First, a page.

menú del día

I’m not sure what it is about the end of the school year that has me explaining Franco-based phenomena right and left.  But here we are, with the second post in less than two weeks telling you about an aspect of Spanish culture stemming from the dictator’s years in power.  While my feelings toward the man himself are all negative, I feel pretty neutral about the topic of the previous Franco-related post (eh, so it’s not dark at 10pm, no biggie); however, in this one you’re going to see a lot more positive emotion.

The object of my affection?  Drum roll please…the menú del día! This relic of the Franco era is one of Spain’s true gems: an always-changing three-course meal (usually with bread and wine/beer/soda included) for around 10 euros.  And all because the dictator required restaurants to offer such an option to provide affordable and nutritious meals to workers.

To this day, almost every restaurant offers this fixed-price lunchtime option during the week; typically, options for the first course, main course and dessert are written on a chalkboard outside of the restaurant to attract customers (and on their website and/or Facebook if the establishment is trendy and tech-savvy!) and then rattled off by waiters tableside (or sometimes printed if they have any mercy).  Prices can vary, from 6 or 7 euros (usually outside of the major cities) to up to 20 or 30 euros at fancier restaurants, but your standard menú usually hovers around 10.  These fixed-prices options are in no way a downgrade from the rest of the fare offered by any particular establishment, and are a great way to sample new restaurants without breaking the bank while filling up enough to barely even need dinner.  Not only do traditional Spanish restaurants partake in the custom, but ethnic restaurants and funky new-age spots also join in on the fun.

You might be wondering why it has taken me until my ninth month in Madrid to tell you about this delicious culinary tradition.  It’s not because I just learned about them.  Oh, no.  It’s because I’ve had few opportunities to enjoy them, as my one day off during the week seldom coincides with dining partners’ free time.  Back in December I enjoyed an excellent menú featuring paella in Valencia, and just a few weeks ago I had a pretty tasty one at a Cuban restaurant here in Madrid.  However, I’ve recently had the chance to enjoy two well above average takes on this fixed-price gem of a cultural tradition, and I thought they were worthy of their very own post.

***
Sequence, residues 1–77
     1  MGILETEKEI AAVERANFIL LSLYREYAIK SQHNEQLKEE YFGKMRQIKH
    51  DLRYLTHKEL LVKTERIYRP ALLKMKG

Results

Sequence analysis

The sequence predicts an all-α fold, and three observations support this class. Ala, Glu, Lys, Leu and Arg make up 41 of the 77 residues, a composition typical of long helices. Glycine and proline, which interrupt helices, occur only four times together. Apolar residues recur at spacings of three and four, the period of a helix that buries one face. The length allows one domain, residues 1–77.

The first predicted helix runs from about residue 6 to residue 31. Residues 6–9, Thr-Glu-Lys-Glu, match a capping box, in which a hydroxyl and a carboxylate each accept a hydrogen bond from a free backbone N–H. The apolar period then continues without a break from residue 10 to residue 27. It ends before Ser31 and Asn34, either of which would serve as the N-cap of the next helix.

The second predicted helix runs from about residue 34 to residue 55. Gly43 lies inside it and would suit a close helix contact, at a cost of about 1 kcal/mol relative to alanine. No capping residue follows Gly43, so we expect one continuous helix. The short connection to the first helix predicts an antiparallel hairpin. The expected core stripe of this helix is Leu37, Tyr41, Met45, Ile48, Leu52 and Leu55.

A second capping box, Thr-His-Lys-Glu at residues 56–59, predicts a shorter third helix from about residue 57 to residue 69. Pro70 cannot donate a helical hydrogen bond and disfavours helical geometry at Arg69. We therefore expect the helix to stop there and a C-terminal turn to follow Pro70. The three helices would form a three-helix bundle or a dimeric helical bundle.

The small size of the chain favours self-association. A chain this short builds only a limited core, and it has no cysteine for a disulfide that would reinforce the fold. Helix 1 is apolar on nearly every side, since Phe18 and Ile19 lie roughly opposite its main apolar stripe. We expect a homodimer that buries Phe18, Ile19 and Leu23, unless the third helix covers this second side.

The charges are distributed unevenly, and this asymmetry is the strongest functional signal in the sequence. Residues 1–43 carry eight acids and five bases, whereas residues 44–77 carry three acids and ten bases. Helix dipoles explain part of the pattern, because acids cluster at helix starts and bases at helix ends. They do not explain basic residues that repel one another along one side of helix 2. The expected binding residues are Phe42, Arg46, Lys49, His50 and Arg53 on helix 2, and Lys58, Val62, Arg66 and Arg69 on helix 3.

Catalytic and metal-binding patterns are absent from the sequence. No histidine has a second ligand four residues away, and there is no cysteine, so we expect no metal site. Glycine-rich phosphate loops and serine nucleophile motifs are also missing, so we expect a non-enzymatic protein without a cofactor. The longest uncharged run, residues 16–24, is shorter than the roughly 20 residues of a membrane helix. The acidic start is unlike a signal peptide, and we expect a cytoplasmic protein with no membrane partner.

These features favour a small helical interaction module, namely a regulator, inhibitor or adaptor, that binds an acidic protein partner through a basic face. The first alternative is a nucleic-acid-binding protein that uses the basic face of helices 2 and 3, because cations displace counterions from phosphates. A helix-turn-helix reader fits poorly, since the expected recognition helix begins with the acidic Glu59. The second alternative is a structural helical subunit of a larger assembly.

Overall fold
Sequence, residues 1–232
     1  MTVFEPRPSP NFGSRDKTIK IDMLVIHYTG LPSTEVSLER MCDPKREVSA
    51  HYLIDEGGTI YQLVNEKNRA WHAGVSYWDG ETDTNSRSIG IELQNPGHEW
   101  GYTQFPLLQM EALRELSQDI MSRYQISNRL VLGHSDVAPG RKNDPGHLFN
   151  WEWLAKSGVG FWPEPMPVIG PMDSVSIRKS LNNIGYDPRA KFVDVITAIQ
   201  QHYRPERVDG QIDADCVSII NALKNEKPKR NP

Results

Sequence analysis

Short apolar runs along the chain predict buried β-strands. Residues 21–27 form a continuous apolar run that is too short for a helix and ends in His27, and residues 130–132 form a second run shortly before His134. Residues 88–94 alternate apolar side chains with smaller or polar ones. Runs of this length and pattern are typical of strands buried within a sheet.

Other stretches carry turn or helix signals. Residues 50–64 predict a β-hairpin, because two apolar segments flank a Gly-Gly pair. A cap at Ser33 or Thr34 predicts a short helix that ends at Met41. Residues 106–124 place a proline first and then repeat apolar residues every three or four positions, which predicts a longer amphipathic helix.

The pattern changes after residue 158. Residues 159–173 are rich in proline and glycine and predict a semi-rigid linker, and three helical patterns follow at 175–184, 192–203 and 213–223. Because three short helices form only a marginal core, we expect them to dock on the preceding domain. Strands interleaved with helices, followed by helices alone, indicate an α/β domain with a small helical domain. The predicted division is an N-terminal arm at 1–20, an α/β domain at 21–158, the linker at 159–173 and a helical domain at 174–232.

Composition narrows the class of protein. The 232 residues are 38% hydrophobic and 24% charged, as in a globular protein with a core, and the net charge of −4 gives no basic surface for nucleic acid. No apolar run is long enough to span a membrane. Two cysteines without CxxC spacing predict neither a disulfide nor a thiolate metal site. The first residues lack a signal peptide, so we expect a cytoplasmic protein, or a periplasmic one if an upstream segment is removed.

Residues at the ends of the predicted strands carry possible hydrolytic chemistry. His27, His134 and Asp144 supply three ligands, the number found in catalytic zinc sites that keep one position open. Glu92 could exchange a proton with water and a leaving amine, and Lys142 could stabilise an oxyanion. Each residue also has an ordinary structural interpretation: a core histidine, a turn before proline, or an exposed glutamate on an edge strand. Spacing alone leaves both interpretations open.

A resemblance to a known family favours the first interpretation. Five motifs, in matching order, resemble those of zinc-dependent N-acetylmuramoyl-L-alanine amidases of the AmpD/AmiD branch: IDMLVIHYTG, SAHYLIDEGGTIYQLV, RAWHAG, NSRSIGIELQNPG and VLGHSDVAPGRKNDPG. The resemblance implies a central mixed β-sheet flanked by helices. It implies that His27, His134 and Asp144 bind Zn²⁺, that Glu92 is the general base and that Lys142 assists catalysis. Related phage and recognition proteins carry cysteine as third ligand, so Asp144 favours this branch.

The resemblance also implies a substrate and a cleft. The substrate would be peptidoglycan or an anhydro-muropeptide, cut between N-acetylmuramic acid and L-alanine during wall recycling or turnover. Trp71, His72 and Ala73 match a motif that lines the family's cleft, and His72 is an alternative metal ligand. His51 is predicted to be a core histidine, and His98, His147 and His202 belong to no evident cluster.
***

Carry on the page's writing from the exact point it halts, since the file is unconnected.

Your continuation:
Last Friday, I sat down to a delicious lunch at Maricastaña, a beautifully decorated restaurant located in the Triball neighborhood, lovingly nicknamed “the SoHo of Madrid.”  There, for the low price of 11.50, I enjoyed the following, the highlight being the violet ice cream — fresh and floral, and as much of a treat for the eyes as for the taste buds.

 

Yesterday, as an end-of-the-year celebration with the English Department, I had the pleasure of eating at La Sidrería in Majadahonda, a restaurant with an Asturian name but a menu that serves fresh takes on dishes from all corners of Spain.  For a slightly higher price (20 euros) than your average menú, you get more than a few bangs for your buck.  My first course was hands-down one of the best salads I’ve ever had, with refreshing balsamic vinegar ice cream perfectly complementing sweet and acidic strawberries.  Toasted almonds or hazelnuts may have made this excellent dish even more perfect.


Good food, good company, and a good price.  As my grandmother says, “What could be bad?”

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2 thoughts on “menú del día

  1. Hi, interesting article but seriously wrong on the issue of the menú del día. Franco did NOT introduce the menú in order to “to provide affordable and nutritious meals to workers.” That is complete and total nonsense.
    Why would a cruel dictator, who had had murdered 200,000 workers since seizing power in 1939 suddenly be concerned for workers’ health and nutritional needs?
    The menú del día was invented for the convenience of tourists, and brought into being by law framed by Fraga when minister for Information & Tourism. It was originally labelled Menú Túristico — but it’s popularity spread across Spain.
    Please, don’t simply swallow and regurgitate the Francoist apologists’ propaganda; try doing some research. Furthering the myth of Franco as a benevolent, caring father of the nation type figure, who only wanted to put food into humble workers’ bellies is insulting.

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